Senate hears testimony on national data breach legislation

The bill, known as the Data Security Breach and Notification Act, was first proposed by Senator Mark Pryor (D-Ak.) in August of this year. Among its provisions, the nationwide bill would require organizations that suffer a data breach to appropriately notify affected individuals, potentially trumping the current state-by-state patchwork of notification laws.

The Senate Subcommittee on Consumer Protection, Product Safety, and Insurance heard testimony from several witnesses yesterday regarding the proposed legislation, including Maneesha Mithal of the Federal Trade Commission (FTC) and Mark Bregman, CTO of Symantec.

Senator Jay Rockefeller (D-Wv.), a co-sponsor of the bill, opened the hearing by reminding attendees that security breaches have lead to identity theft and placed individuals in financial peril. “Our bill would help ensure that companies are keeping consumers’ personal information safe and quickly alerting individuals if their data has been compromised”, he told the committee.

The FTC, the nation’s consumer watchdog, has engaged in a policy push as of late regarding the importance of data security and privacy. So it was only natural that the subcommittee would invite an FTC representative to weigh in on the proposed bill.

Maneesha Mithal, associate director for privacy and identity protection at the FTC, confirmed that the agency supports the bill. In addition, she outlined three additional items the FTC would like to see included in the legislation:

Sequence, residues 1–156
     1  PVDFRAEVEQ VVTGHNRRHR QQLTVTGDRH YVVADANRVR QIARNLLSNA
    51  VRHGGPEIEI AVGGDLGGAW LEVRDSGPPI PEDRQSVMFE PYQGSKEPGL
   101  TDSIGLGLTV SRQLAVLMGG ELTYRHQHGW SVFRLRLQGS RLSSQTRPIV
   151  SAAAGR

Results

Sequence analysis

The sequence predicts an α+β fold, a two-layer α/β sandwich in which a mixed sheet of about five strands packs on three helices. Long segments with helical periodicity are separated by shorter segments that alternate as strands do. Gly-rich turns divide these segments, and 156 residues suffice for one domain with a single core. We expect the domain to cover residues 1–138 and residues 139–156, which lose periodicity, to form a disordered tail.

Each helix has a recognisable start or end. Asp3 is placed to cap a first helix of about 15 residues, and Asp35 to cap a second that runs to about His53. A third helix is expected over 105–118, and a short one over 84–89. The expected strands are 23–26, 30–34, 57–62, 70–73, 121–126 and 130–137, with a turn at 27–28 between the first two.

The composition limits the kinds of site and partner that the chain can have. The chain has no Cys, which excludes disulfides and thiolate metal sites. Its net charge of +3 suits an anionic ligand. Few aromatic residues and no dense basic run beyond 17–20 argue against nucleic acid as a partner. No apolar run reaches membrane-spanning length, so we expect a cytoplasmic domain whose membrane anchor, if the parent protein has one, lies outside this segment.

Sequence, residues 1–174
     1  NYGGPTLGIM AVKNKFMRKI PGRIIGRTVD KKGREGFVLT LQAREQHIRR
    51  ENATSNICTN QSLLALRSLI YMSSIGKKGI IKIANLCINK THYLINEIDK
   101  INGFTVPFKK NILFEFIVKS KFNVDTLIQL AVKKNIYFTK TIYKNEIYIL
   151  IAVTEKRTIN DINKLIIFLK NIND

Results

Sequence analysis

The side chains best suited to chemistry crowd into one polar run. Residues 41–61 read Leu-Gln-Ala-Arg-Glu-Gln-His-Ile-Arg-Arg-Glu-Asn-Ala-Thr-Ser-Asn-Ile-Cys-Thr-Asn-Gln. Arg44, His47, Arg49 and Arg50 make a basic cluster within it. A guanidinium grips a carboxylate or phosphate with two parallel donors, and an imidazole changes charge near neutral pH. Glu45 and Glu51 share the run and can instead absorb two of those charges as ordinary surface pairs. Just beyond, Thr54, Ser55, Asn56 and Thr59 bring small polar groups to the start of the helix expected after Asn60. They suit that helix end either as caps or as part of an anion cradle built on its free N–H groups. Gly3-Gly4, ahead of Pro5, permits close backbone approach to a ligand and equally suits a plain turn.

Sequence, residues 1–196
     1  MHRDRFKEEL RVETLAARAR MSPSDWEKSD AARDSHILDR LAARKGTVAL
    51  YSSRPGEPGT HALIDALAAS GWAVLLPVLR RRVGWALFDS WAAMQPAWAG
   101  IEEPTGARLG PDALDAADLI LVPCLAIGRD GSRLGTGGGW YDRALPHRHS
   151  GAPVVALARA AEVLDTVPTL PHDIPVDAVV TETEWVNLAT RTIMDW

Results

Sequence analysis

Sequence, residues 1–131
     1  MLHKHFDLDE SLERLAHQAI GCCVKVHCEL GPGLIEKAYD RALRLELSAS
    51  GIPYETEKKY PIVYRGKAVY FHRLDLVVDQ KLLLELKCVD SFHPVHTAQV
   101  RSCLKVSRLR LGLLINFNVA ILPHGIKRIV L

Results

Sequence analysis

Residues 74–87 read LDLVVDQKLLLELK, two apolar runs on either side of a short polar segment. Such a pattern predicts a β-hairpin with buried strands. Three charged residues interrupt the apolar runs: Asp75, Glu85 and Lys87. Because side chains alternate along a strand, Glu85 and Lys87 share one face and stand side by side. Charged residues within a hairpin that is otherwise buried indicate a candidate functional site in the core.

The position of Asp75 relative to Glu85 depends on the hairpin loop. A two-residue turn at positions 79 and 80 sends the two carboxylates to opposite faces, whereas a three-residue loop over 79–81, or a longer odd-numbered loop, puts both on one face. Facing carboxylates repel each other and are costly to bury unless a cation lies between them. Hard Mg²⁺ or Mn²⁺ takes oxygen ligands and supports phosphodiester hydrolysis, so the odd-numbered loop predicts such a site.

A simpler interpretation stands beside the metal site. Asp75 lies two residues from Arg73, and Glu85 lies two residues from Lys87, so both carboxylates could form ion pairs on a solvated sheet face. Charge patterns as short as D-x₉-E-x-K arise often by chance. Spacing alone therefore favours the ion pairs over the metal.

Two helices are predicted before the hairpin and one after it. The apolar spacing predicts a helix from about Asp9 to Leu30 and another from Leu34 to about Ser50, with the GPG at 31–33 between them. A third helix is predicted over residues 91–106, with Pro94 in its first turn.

• The provision that requires companies to notify consumers in the event of a data breach should not be limited to electronic information
  • The proposed requirements should be extended to telephone companies
  • The bill should grant the FTC rulemaking authority to determine the circumstances under which providing free credit reports and monitoring may be required

“Data security is of critical importance to consumers”, Mithal told the subcommittee. “If companies do not protect the personal information they collect and store, that information could fall into the wrong hands, and consumers could lose confidence in the marketplace.”

Speaking on behalf of the technology advocacy group TechAmerica, Symantec CTO Mark Bregman urged the subcommittee to quickly approve a national data breach law.

“In today’s connected world – where data is everywhere and the perimeter can be anywhere – protecting information assets from sophisticated hacking techniques is an extremely tough challenge” Bregman testified. “Driven by the rising tide of organized cyber-crime, targeted attacks are increasingly aimed at stealing information for the purpose of identity theft.”

Infosecurity notes that, with the November elections just around the corner, and the balance of power in the Senate in question, exactly what’s next for the proposed data breach bill is really anyone’s guess.

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